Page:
Tycoon Steve Fossett was last night heading towards the Pacific Ocean in his latest attempt to become the first person to fly solo around the world in a balloon.
The 57-year-old adventurer looked calm and confident as he took to the air from the Western Australian desert at dawn yesterday (local time) in the Solo Spirit. The former stockbroker's sixth quest to circle the globe was launched at 11pm GMT from a remote airfield in Northam, 60 miles east of Perth, after weeks of delays caused by bad weather.
The giant helium-filled balloon's slow ascent, watched by a nervous ground crew and cheered by 150 local residents, went well despite fears the 140 by 60ft balloon would make it vulnerable to even light winds.
"The first 24 hours will be critical," said the American before the launch.
"In the first night I will have to find out whether the equipment is working. That's when I'll find out whether there are any leaks in the balloon, whether there's failures in the communication equipment and whether the all-important cabin heaters work."
Mr Fossett said that if the weather permitted, he expected to cross Australia's eastern coast yesterday before flying across the Pacific Ocean. By nightfall the former stockbroker was nearing the gold mining town of Kalgoorlie. Mission control in Missouri said all was going smoothly after minor communication troubles were remedied when Mr Fossett climbed out of his capsule to mend an antenna. But, the mission's chief meteorologist Bob Rice said the Solo Spirit could run into thunderstorms over Brisbane en route to the Pacific.
Mr Fossett plans to cross the northern part of New Zealand, fly to Chile, then over the Andes. The balloon is then expected to drift around the tip of South Africa, and then directly across the Indian Ocean.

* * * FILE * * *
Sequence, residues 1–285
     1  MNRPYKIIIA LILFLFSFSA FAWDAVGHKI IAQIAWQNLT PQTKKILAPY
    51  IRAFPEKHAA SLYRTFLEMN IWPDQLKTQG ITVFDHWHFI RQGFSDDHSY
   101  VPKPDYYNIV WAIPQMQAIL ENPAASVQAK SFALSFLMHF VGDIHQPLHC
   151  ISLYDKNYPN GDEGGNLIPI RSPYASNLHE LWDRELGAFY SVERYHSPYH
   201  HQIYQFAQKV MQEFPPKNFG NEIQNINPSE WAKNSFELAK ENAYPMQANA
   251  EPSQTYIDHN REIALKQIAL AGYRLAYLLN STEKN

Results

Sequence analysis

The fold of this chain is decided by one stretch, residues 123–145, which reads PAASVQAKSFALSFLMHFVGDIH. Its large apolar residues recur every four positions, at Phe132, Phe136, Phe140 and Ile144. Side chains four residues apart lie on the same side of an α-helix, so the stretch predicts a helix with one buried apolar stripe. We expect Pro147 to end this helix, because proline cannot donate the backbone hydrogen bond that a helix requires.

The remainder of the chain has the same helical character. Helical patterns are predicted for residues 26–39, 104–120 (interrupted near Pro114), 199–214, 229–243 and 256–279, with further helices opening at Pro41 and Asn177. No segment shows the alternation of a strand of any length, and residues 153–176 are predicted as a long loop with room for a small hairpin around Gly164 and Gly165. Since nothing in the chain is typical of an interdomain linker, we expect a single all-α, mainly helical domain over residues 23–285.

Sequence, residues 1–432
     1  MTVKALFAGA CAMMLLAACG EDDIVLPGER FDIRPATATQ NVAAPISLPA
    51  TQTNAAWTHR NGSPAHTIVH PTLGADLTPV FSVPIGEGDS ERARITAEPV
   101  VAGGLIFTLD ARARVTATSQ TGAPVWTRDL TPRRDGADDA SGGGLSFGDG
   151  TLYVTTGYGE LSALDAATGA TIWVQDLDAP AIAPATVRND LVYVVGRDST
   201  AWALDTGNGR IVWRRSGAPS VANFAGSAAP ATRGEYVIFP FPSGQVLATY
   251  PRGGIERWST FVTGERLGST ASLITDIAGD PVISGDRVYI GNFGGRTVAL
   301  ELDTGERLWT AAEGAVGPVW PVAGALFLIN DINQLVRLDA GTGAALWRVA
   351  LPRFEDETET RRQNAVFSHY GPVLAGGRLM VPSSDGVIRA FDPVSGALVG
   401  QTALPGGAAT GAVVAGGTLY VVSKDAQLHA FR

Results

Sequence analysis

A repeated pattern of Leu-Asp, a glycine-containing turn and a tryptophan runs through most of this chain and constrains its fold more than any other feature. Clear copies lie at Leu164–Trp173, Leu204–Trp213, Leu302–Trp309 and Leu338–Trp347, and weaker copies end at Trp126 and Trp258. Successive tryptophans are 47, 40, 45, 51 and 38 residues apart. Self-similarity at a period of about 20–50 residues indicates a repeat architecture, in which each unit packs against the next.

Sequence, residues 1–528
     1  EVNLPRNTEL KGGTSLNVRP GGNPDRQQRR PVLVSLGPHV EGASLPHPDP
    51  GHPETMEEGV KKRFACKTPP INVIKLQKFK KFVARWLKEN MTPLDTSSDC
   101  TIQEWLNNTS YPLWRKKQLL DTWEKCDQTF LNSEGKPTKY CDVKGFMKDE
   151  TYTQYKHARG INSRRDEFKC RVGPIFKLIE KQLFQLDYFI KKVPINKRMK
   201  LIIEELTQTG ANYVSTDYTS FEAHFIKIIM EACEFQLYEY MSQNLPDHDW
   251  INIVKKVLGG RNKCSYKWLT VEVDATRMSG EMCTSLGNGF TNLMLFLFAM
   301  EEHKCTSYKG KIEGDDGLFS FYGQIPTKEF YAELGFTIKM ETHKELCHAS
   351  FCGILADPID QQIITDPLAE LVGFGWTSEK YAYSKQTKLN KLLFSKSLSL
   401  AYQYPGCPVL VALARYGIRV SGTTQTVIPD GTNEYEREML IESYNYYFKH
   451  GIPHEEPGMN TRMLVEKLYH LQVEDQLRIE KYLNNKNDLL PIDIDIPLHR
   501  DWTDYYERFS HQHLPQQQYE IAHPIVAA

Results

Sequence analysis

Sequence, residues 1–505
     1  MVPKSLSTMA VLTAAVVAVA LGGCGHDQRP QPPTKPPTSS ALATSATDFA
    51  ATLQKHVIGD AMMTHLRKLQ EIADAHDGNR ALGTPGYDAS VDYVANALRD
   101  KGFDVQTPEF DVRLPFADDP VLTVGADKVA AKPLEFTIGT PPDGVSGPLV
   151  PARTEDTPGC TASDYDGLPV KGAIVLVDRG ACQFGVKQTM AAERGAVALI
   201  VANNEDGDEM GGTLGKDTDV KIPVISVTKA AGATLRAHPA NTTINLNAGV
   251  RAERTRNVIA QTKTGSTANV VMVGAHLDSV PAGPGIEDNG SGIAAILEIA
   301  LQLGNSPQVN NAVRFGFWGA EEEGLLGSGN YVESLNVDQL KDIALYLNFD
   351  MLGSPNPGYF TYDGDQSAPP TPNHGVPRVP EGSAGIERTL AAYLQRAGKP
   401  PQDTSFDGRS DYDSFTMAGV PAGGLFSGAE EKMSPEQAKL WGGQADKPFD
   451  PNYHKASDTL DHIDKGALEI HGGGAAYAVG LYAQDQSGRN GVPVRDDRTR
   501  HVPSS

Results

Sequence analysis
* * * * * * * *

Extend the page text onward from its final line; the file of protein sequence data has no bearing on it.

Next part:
He hopes to complete the trip in 15 days, spending most of that time in a cramped capsule at altitudes of up to 30,000 feet, travelling at speeds up to 130mph, surviving on military style food rations which heat themselves chemically. He has a life-raft, parachute and satellite navigation and communications equipment.
Mr Fossett's journey will be long and difficult. Only one two-man team has ever flown a balloon around the world. English balloon instructor Brian Jones and Swiss psychiatrist Betrand Piccard steered the Breitling Orbiter around the globe in 1999.
Mr Fossett said the elusiveness of a successful solo circumnavigation was the attraction. "This is a very important adventure and a very difficult one," he said. "When I first started making attempts to fly around the world in a balloon I thought it would just be a matter of get the equipment, get it up in the air and somehow I'd make it. Then after about 20 attempts by all the teams combined we realised it was far more difficult."
His most recent bid in June was thwarted when a freak gust of wind blew over the gas attached to the capsule and ripped the envelope.Reuse content